‘I truly enjoyed this book – as in, I was laying in bed at 2am in the morning trying to finish it knowing full well that my alarm was set to go off at 4am for work, but I could not put it down! The characters were all well written and I loved the little world she created. I love that as I was reading and thinking ahead to what I thought was going to happen, I would be surprised when Langley took the story in a different, but refreshing direction. I loved the main characters strength of character and loyalty to her loved ones, friends, and town. She had great morals and principles that we all could learn from.

I also have to add that my pre-teen daughter is reading this book right now and is thoroughly enjoying it as well.

I hope to see more great books from this talented author!’

This isn’t my favourite review because it’s so positive (though frankly that is nice!) but because it reminds me of what I loved most about reading when I was younger: sharing books with my Mum. I’d read them first and pass them on, or vice versa, and then we’d talk about them. I especially remember doing it with Isobelle Carmody books, which we still share today. Knowing that somewhere in the world a mother and daughter have done that with my book is more special than anything else I could hope for.

So happy month-sary, The Edge of the Woods! And happy month-sary, readers! Thank you to anyone who has bought and read the book, anyone who has spoken about it or recommended it, and to anyone who has taken the time to send me a kind word of support. You’ve all made the first month of my publishing career a wonderful one.

x

PS. I know you’re not supposed to read your reviews, but I’m a month in and there’s only about eleven of them so how can I not?

The Edge of the Woods: Launch Day!

IT’S HERE!

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Well, it’s kind of been. It’s 7:52pm and I launched this morning, woken up at 6.30am by a text from a friend who’d just ordered her copy. Which was sweet and exciting and fuzzy in the ‘Jesus, what time is it?’ kind of way.

But here we are. My first novel has gone live. It’s out there, like one of those baby turtles who has to scuttle (crawl? Land flap?) its way to the ocean and try not to get eaten alive. And like a million year old mama turtle, all I can do is watch and refresh the KDP reports page.

…bad metaphor?

Anyway.

It’s been a great day, with lots of people saying lots of lovely things and being all around very supportive. Thanks to them The Edge of the Woods is sitting at #1 in the Australian Kindle store under the Young Adult Women & Girls category, #860 in the Australian Kindle store overall and #33,274 at Amazon.com. Which is pretty cool!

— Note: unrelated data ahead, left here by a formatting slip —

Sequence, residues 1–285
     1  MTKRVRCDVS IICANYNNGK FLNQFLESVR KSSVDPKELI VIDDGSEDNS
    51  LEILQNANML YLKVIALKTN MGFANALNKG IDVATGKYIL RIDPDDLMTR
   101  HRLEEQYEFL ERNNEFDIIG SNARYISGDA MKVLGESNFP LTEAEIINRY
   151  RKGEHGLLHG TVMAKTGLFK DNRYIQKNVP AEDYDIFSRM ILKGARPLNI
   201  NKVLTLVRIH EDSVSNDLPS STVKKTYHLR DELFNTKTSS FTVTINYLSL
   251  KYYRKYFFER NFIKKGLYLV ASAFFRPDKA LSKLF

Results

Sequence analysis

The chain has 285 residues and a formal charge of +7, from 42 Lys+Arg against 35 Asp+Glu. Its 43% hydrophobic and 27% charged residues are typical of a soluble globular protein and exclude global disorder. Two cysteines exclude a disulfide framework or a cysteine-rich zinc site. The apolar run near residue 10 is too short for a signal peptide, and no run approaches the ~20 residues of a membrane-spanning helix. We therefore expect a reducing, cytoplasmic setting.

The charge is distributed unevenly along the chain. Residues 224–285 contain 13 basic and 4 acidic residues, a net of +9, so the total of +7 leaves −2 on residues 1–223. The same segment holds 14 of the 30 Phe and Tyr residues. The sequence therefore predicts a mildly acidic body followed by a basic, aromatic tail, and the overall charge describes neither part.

So now we press on! A friend asked a while back that when I publish I make a blog post about my self-publishing process, so I’ll spend some time on that over the next few days, but otherwise it’s on with Book #2 and following up some leads and opportunities re: actual paid work.

It’s been a big day! Let’s all kick back with a beer and a good book.

You could always try mine, if you’re into that sort of thing.

x

 

The Edge of the Woods: Release Date!

20th of May, 2014!

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It’s finally happening, folks! After one year, five drafts and probably a couple of hundred emails with editors, proofreaders, test readers, an artist and a formatter, my debut novel is going public.

The Edge of the Woods, a 64.5k word young adult fantasy adventure about friendship, strength and courage will be available as both an eBook and paperback from Amazon on the 20th, with other ebook retailers to follow.

I can’t tell you how exciting, terrifying and weird it is to have reached this point. I’ve wanted to be a novelist for a very long time, and now to be able to call myself one for real is just… awesome. I’m very proud of my first story, and I look forward to sharing the next (and the one after that, and the one after that…) with all of you.

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I don’t know whether to drink a glass of wine, or get cracking on book #2.

Yeah, let’s go with both.

x

Note: If you’d like a chance at a free signed paperback, my Goodreads giveaway is running until May 31st.